Courts unable to solve impasse, says Cutifani
Anglo American CEO says the solution will be for the government and industry to negotiate a settlement over the Mining Charter
South African mining companies and the government have to find a negotiated settlement to their impasses over the Mining Charter and other disagreements because legal redress through the courts is not the best mechanism to find long-lasting resolutions, says Anglo American CEO Mark Cutifani.
Speaking at a media event on Wednesday evening, Cutifani said the sector had lost 100,000 jobs in the past seven years and could lose another 100,000 if there was no change to the way it was regulated and operated.
Companies had to protect their position by challenging the Department of Mineral Resources in court to set aside a hugely controversial and damaging third iteration and seek a declaratory order to define black ownership commitment, he said, but pointed out this was not the best solution.
"We’re fighting the battle in the courts, and whilst I believe that we had to take steps to protect our position, the answer will not come from the courts.
"All they will do is redefine the points that we disagree on so that we create a new set of arguments. In the end, maybe we need to go through that process to find a new framework, but in the end the solution will be people sitting across the table, negotiating a new future. The courts won’t do it for us. We have to find each other in these conversations," he said.
His comments follow calls from ANC treasurer-general Zweli Mkhize and Finance Minister Malusi Gigaba for the industry, represented by the Chamber of Mines, to talk to them. The chamber is clear it will not talk to Mineral Resources Minister Mosebenzi Zwane, who they say is tainted with corruption and acting outside the sector’s best interests.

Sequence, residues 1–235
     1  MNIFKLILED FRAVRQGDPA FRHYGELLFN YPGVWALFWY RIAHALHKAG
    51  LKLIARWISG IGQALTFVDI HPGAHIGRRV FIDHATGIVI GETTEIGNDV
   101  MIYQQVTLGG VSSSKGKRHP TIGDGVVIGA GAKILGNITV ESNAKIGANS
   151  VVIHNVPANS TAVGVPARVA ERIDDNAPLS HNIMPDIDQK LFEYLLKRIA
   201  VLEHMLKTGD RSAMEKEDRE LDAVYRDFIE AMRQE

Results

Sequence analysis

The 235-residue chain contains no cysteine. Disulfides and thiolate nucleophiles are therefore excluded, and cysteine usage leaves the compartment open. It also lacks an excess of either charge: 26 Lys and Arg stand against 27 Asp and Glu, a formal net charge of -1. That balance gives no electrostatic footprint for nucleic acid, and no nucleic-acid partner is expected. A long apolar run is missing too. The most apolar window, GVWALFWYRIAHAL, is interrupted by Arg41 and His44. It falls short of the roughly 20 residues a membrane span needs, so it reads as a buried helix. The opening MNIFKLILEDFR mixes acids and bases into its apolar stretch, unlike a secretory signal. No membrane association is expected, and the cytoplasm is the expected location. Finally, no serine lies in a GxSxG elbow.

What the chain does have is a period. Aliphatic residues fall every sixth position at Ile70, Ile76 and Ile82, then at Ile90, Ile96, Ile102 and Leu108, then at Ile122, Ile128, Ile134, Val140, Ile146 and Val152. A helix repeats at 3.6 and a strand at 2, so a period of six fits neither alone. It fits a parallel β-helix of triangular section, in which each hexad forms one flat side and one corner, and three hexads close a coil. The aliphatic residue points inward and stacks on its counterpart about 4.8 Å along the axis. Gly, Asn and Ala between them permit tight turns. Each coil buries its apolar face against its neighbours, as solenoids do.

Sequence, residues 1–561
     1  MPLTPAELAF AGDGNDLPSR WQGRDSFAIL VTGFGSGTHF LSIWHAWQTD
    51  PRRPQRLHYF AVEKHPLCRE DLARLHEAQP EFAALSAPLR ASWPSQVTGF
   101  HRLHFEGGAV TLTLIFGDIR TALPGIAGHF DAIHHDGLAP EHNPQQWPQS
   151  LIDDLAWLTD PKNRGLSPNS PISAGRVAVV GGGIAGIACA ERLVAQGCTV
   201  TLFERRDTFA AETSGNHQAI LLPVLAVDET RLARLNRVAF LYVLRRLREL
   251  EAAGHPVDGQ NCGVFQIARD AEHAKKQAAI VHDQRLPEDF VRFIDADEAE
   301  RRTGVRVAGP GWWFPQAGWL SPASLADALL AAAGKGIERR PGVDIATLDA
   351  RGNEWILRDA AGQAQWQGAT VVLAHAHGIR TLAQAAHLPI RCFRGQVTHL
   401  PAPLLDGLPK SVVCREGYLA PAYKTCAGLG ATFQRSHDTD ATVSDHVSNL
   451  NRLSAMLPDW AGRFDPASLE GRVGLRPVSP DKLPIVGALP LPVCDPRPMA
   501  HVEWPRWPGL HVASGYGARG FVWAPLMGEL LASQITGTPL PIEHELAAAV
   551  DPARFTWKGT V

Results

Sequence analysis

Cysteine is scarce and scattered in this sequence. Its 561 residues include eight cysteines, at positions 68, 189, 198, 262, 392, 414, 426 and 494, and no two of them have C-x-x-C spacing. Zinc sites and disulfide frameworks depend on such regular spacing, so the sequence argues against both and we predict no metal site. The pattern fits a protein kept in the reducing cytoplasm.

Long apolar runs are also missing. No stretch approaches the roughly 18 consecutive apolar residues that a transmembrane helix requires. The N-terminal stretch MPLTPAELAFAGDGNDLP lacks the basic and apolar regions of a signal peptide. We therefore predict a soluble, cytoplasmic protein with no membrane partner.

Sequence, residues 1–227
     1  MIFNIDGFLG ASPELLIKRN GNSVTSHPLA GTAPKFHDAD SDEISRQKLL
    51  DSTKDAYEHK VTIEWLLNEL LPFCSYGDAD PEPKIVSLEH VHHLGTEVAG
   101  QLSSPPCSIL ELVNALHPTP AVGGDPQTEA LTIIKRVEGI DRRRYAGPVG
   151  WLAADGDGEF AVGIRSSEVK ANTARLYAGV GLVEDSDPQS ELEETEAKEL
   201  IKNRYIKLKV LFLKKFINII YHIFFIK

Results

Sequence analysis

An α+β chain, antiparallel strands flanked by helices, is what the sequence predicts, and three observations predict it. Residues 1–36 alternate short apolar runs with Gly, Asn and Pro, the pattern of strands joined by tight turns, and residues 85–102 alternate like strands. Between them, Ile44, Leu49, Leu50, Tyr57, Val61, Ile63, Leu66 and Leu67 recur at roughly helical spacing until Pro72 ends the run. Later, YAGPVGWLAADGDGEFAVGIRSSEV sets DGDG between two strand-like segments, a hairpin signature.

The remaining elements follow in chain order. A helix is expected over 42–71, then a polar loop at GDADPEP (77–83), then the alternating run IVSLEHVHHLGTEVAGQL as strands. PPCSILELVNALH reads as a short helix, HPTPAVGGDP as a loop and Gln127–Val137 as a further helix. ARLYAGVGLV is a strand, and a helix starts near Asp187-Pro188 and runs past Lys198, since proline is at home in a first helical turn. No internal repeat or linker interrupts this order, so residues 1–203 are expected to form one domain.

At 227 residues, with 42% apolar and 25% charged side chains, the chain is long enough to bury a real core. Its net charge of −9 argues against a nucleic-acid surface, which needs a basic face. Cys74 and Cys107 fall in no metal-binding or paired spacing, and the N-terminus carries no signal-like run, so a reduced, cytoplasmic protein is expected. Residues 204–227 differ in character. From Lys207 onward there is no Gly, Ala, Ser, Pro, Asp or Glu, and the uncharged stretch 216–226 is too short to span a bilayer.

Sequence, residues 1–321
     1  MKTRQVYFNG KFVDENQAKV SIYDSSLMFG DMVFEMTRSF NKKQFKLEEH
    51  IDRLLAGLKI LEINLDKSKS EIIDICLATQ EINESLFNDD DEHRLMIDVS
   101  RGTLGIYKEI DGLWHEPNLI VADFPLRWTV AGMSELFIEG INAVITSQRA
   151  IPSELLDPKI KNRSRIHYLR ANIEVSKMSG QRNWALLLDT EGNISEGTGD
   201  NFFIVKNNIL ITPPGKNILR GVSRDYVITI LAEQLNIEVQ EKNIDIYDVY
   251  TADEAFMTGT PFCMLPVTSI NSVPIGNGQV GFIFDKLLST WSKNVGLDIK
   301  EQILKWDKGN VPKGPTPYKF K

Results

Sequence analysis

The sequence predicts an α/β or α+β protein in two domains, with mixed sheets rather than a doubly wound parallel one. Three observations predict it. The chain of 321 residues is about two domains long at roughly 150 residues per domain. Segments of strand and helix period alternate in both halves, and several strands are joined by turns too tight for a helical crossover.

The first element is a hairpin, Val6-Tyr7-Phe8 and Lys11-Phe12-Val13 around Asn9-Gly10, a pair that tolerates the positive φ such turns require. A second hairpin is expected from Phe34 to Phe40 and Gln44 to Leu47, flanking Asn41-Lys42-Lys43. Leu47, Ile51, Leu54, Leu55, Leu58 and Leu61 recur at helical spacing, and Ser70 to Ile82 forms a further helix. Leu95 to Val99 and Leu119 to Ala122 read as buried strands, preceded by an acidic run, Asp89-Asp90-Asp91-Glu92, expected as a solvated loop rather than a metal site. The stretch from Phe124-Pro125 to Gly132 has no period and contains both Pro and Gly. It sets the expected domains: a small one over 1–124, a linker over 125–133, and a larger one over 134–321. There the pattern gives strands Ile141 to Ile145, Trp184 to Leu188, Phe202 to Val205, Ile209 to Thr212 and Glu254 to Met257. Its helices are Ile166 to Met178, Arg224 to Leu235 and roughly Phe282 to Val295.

The review of the third charter was postponed to February from December to give the two-day hearing an extra day to accommodate communities that have joined the case.
Industry sources have welcomed the delay, seeing an outside chance of the suspended charter being rescinded after the December ANC elective congress if factions allied to President Jacob Zuma lose ground to more pragmatic elements within the party during the vote for a new president of the governing party.
The hope is if that happens Zwane will be removed, clearing the way for talks between the department and chamber.
"We must reinvest and rebuild our industry. We do not have the resources in SA to fund that change, and therefore we have to put structures in place where we encourage people to invest, because they can actually make a return, because we don’t get investment unless we can deliver a return," Cutifani said.